"Education is the passport to the future,
for tomorrow belongs to those who prepare for it today."
- Malcolm X
We all try to make our children understand the importance and value of education. However, we conveniently tend to forget our childhood when most of us hated studying.
Surely, we all have some great memories from our school life, but that is primarily due to our peers and the overall childhood experience. Not many of us have been lucky enough to cherish memories of learning new ideas that left us in awe of how the world works.
And if education cannot have that jaw-dropping effect on your child, is it worth their time and your money? Or is education, in today's world of information, just a mass cultural delusion that we collectively participate in?
The answer to this question depends on your idea of education.
What are the objectives that you hope your kid achieves once they have completed their formal education?
If it secures an attractive job and builds a secure career, formal education is the safest way to proceed. Without a formal education, one cannot create a successful career, but having a degree smoothens and boosts the process. This can be a viable goal for a child who is the eldest born in their family to attend formal schooling.
Their immediate goal might be securing their survival, which demands a consistently rewarding work opportunity. But for the more privileged classes in our society wherein risk-taking is a financially viable option, education should ideally mean more than securing a career.
Education in such a case could act as a tool that allows students to explore their inherent curiosity. Instead of being fed information through books and media, students could be allowed an opportunity to explore the world around them, let them organically ask questions about their surroundings, and nudge them in the right direction so that they can find their answers. Not only can this exercise empower students to think and analyse situations critically, but it can also allow them to enjoy learning and experience the true essence of education.
However, irrespective of which path you decide to take, a solid educational foundation is the most elementary requirement in achieving both of these objectives.
"I am terrible at Mathematics" has become a new catchphrase that people socially bond over, possibly because it is true for many individuals. But before we started hating or fearing maths, there was a point where it engaged us. We put our 100% focus while carrying over those digits to the thousands place while solving "advanced" subtraction problems.
We understood what subtraction in practical essence meant.
For a lot of us, it was the introduction of alphabets (or variables) in Mathematics.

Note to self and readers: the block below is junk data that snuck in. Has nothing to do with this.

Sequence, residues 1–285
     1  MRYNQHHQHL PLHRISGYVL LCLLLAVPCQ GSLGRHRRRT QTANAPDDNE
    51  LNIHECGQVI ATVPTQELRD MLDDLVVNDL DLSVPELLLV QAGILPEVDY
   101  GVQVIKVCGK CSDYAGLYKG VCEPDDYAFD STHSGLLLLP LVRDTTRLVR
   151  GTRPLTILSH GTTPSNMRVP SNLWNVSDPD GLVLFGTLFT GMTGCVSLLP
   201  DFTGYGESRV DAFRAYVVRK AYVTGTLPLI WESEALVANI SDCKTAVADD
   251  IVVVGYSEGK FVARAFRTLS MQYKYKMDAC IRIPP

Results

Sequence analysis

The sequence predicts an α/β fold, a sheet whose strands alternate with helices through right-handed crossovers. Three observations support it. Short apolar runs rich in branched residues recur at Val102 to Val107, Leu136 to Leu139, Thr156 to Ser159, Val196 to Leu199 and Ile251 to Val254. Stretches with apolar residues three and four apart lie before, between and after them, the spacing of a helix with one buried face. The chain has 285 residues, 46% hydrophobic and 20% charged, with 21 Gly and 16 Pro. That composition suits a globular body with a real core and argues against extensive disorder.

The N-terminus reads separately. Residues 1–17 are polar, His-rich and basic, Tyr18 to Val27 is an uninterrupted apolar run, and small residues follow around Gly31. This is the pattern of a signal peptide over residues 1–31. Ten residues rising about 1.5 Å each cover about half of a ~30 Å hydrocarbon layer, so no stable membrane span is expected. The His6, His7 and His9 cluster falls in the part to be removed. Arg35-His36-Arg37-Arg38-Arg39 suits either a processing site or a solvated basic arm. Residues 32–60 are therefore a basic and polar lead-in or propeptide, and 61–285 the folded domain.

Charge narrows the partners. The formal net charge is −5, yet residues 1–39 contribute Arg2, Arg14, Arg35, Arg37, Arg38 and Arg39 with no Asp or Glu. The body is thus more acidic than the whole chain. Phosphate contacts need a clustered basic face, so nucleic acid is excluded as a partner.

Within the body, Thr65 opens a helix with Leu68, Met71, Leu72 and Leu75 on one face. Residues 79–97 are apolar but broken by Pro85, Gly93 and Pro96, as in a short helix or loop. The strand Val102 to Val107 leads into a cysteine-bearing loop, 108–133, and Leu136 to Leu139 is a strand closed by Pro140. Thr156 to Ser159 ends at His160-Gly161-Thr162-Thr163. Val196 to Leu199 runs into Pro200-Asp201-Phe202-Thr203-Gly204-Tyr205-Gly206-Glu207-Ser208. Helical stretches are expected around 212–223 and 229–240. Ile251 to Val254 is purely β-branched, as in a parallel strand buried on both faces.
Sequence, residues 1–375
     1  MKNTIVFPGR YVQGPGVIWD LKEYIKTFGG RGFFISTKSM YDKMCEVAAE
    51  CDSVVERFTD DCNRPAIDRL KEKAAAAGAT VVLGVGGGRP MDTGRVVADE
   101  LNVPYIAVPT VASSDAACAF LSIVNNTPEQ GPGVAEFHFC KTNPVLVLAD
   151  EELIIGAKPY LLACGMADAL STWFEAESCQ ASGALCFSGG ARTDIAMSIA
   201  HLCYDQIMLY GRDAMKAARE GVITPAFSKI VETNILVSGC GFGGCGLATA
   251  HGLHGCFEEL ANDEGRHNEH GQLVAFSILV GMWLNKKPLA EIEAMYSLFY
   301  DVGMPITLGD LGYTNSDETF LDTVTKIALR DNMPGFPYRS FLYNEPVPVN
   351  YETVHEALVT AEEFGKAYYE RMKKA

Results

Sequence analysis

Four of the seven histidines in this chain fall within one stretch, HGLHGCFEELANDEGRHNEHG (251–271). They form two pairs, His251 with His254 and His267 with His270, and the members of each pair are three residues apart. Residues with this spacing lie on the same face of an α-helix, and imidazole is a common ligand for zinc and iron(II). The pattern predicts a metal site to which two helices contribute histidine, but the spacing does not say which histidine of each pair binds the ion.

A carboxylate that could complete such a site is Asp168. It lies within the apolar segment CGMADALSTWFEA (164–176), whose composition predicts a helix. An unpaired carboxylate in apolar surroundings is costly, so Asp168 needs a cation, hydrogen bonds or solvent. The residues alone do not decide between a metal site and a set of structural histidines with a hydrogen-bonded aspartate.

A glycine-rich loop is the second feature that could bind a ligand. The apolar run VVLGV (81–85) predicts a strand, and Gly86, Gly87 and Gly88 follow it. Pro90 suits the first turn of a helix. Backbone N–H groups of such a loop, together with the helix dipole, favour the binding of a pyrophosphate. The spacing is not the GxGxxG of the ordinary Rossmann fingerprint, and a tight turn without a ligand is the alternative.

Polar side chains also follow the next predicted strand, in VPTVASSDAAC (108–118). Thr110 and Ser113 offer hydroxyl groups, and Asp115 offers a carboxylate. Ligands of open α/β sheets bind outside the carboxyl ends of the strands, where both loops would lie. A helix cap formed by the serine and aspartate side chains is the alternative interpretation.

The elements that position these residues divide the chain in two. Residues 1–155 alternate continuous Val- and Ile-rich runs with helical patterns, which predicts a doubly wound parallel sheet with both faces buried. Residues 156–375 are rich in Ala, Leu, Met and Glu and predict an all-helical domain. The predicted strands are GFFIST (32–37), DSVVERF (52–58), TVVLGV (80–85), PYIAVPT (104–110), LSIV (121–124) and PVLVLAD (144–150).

For some, it was Trigonometry and Calculus. But the core idea is, we transitioned to topics that we did not understand the essence of. Most students who have completed senior school Mathematics still do not understand what the use of Calculus is. And when we struggle through topics under academic pressure and rigid exam dictated schedules, we tend to forget the intention behind studying the core ideas.
Our sole intention while studying these topics is to pass our most immediate examination. Once we are successfully done with that, we bury the topic for good, relieved that we do not have to revisit it. This is where the seeds of fear are sown.
Next academic year, when we are taught a more advanced concept based on the foundations of the topic we skipped last year, we instantly start getting averse to that subject.
However, the assembly line which manufactures graduates and degree holders does not stop because of your resentment. It keeps moving on, churning out products (students) with lots of information and zero application.
As long as you do not have the authority to change the system, you have to work within the system to get the best results out of your education. The most fundamental way to achieve that is to keep strengthening your core concepts as they come.
Strengthening your core concepts does not just mean understanding the idea and solving questions on those ideas. Sure, that is important, but empathising with the subject matter has more to do with your ability to dig in deeper and understand the essence of the topic that you are being taught.
Some questions that you can ask yourself could be -
Why am I being taught this topic?
How did this idea first originate?
What was the inventor/theorist going through in their life when they came up with this idea?
Where can I find the applications of this idea in my personal life?
Your schools wouldn’t reward you for spending time and finding answers to these questions. But your life definitely would.
There is a very significant difference between collecting information and learning. It is incredible to see how students, who have an opportunity of exploring the world that they live in and serve their curiosity, find the process a burden. The primary reason for it is how we perceive education.
SSSi Online Tutoring Service is one of India’s leading online educational platforms and aspires to transform the landscape of Indian education by strengthening the core academic values of each of our students.
While enrolling in our online courses will also help you see a boost in the tangible academic parameters of your child (i.e., the grades they score in their exams), our primary focus will always be to help children see education in a way they've never experienced before.
We focus on the fundamental essence of every topic and approach every subject holistically so that the students can easily connect the dots, relate to the ideas, and build a solid academic foundation for themselves.
Visit sssi.in to book your FREE one-on-one LIVE demo tutoring session for a subject of your choice TODAY!!